Ukraine's natural forests are under triple pressure: 
1) Russia's military aggression (destruction and mining of forests, use of wood for the construction of fortifications); 
2) the need for timber during the reconstruction of Ukraine; 
3) vested interests and rent-seeking groups in Ukraine. 

Each of these issues is serious on its own. However, when combined, they can pose a deadly threat to forests, with direct impacts on both Ukraine and Europe as a whole. Forests need additional attention from international partners, as they are key to Ukraine's economic prosperity in both the short and long term, as well as to human security and a healthy environment.

WWF sees a big potential for restoring logged or afforestation activities to ensure the resilience of new forests to climate change and their services to people, such as replenishment of drinking water or erosion control. In order to show governmental and private actors where restoration is needed and how good restoration should look like, WWF is working with the company SoftServe Ukraine to set up the Digital Platform for Ukrainian Forest Restoration. In order to promote direct action, Softserve, the local forest enterprise, and WWF recently planted 3000 tree saplings.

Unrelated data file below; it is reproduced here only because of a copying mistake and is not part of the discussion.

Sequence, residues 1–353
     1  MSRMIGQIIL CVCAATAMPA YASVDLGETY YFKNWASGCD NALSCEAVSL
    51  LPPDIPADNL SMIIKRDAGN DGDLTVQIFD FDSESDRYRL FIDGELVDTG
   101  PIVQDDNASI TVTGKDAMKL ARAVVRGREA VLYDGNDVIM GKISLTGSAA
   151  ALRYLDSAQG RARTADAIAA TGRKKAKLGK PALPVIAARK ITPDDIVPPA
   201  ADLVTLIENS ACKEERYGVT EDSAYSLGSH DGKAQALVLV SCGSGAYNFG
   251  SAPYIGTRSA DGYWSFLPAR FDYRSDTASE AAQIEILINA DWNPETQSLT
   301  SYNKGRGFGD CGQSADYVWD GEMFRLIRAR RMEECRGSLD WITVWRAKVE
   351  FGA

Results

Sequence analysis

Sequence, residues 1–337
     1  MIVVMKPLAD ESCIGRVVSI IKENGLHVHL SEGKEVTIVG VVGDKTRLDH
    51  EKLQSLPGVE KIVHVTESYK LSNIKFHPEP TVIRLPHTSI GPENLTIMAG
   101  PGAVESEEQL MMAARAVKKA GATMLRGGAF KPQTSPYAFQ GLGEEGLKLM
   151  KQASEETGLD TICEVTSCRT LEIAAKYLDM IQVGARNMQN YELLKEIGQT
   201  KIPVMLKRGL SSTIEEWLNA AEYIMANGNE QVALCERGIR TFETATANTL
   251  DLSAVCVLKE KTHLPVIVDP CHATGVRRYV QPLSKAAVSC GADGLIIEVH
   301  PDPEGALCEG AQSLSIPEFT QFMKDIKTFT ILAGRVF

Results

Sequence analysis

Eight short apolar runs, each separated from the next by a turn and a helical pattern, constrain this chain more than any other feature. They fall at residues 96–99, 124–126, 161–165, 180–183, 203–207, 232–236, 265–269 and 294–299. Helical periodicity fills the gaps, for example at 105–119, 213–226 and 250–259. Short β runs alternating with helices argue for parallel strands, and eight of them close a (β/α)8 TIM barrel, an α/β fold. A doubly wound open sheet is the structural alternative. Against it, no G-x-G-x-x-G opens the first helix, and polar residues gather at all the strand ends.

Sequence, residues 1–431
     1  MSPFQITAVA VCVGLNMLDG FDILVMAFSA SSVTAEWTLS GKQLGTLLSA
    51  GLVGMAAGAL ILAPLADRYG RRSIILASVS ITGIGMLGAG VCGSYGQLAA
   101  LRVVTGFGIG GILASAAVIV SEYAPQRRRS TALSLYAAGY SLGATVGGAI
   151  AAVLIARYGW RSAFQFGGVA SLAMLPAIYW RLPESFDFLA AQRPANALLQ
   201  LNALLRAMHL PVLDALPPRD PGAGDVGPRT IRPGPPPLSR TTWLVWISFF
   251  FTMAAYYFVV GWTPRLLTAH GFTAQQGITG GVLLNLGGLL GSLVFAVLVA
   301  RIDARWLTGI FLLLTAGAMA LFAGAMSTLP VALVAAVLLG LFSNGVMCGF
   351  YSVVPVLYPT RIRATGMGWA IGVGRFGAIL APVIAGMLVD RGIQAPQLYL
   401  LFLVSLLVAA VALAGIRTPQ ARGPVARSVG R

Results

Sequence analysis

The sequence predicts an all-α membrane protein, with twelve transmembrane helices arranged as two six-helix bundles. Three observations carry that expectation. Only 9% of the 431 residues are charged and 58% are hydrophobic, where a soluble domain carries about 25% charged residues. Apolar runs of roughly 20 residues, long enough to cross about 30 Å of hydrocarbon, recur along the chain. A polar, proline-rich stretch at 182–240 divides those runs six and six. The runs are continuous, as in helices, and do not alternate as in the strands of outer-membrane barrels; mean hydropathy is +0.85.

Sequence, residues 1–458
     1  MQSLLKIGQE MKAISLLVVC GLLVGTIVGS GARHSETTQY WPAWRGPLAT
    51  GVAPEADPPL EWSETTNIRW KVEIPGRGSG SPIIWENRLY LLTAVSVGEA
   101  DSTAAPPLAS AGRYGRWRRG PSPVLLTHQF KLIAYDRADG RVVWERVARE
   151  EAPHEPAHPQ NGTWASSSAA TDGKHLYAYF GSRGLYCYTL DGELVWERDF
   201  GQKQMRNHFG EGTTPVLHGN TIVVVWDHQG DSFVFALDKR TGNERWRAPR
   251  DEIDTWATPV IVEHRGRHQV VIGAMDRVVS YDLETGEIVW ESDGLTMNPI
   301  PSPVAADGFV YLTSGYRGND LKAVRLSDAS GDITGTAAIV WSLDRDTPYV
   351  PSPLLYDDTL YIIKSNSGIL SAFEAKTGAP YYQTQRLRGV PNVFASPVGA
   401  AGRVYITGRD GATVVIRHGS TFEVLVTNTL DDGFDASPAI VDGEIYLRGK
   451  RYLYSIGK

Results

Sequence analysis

WWF is currently working with special government agencies on a number of draft laws (e.g. draft law #9516) and government resolutions (e.g. Resolution #454 ‘Some issues of forest management during the period of martial law and amendments to the Cabinet of Ministers of Ukraine Resolution #724 of 12 May 2007’ on forest management in times of war) to minimise corruption risk during its implementation. The fight against corruption is accompanied by WWF´s advocacy for implementation of policies and standards for sustainable and transparent forest management in Ukraine (development of recommendations for legislative changes in the context of the entry into force of the EUDR).